Once again, Mayo have become the subject of intense scrutiny following their defeat to Roscommon in the Connacht SFC.
Following the loss, leading pundit, Joe Brolly, chastised the Mayo team over what he described as “the disaster of all disasters” and that was only the tip of the iceberg as Brolly went on to personally attack some of the Mayo players.
When pushed on the criticism that Mayo have had thrown at them since Saturday, Andy Moran admitted that he no longer pays any attention to what the pundits have to say. The Mayo legend, who was introduced as a second-half substitute against Roscommon, conceded that he was more exposed to it in his youth but that it no longer resonates with him now.
“The more pundits make noise, the more they get heard. I suppose it’s different for me. I’m 35, I’ve probably seen a lot of it in the past. It might be different for a 23 or 24-year-old. But for me, it genuinely doesn’t make any difference,” said Moran.
"The nation's favourite tragic comedy unfolding again. It is more enthralling watching Mayo losing, than watching any other team winning, including the Dubs…" – Joe Brolly on Mayo's defeat to Roscommon pic.twitter.com/99L6ubF9G0
— The Sunday Game (@TheSundayGame) May 26, 2019
“Years ago I used to see it. I genuinely don’t see it anymore. I’d be in work on a Monday morning and someone will say, ‘Did you see this?’
“And you can’t really say anything about it. I actually don’t watch it (The Sunday Game). I’ve two kids, we’ve two businesses, we have a lot going on. So it’s just about getting on with it.
“I think the younger guys are way smarter than we were 10/15 years ago and they’re way more savvy in terms of what’s happening on social media and telly and stuff like that so I think they are probably a bit smarter than we were 10/15 years ago.
“It’s more supporters’ analysis if I’m being honest. But if I was mid-20s I might take it a bit different, you know?”
The Rossies recorded their first championship win over Mayo in MacHale since 1986 this past weekend thanks to goals from Cathal Cregg and Ultan Harney.
Moran paid respect to Anthony Cunningham’s side following their win citing their efficiency in attack as a key factor as well as those two early goals.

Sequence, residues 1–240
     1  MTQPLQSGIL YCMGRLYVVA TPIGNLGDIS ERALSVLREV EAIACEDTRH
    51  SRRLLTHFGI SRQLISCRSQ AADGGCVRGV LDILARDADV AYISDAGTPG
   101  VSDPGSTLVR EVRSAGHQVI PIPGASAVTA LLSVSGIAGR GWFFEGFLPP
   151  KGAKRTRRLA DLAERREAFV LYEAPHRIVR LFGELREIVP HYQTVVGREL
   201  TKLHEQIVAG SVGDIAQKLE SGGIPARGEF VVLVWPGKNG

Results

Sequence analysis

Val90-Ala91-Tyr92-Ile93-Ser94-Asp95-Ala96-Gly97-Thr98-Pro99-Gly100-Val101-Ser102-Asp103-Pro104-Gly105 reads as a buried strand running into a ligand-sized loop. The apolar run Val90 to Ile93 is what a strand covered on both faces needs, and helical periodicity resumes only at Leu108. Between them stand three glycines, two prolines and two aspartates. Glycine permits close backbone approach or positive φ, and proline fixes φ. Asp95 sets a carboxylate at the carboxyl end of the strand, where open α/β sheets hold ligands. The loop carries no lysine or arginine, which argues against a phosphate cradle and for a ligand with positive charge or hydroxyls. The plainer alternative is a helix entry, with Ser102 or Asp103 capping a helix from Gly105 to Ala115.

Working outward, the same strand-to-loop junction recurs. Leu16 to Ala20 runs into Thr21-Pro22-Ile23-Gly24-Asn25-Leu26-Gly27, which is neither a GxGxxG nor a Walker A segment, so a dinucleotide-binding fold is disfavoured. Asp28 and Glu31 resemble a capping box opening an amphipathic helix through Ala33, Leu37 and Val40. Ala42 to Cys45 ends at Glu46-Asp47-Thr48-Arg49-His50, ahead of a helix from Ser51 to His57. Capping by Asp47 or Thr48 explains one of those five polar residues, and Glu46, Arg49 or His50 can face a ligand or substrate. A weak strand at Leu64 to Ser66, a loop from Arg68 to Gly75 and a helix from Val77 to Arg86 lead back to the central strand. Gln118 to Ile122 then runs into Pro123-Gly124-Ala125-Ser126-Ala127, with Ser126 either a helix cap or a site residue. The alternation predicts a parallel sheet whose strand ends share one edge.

“When you look at football and you break it down and you actually look at what happened during the game, efficiency in front of goal was one of them, of course.
“But we got 17 points. You could say Roscommon were more efficient, but I think there’s a lot more to the structure of the game and that’s what we were looking at last night in training and we’ll just move on and learn from it.
“The simple fact about it is that they scored two goals to win the game. You have to be scoring goals in Championship football to win matches and we didn’t do that. That’s the big learning we will take from it. We didn’t create the goal-chances to go and win the game.”
For now, it’s back to the drawing board for Moran and his Mayo teammates as they stare down the barrel of another qualifier campaign.
It’s a long road back but Moran admits that the goal now is getting to the Super 8s, however, he’s fully aware of the pitfalls along the way.
“We trained last night and trained really well. Thank God we’ve four weeks. You just have to go away and give each game respect and just try to get yourself to the Super 8s.
“Once you get yourself to the Super 8s, you’re back to square one. The championship and the format has gotten a lot of stick over the weeks. For us, there are two separate championships. You play the Connacht championship and try your best to win it. Now you’re just in the All-Ireland series and we’ve two more games to get to where we need.
“If you look at it like that I think you’ll be fine. But as we showed two years ago, you have to treat every game with respect. We got brought to extra-time by Cork and Derry and we really had to try hard to win those games. We’ll have to do the same again and try to work our way back.”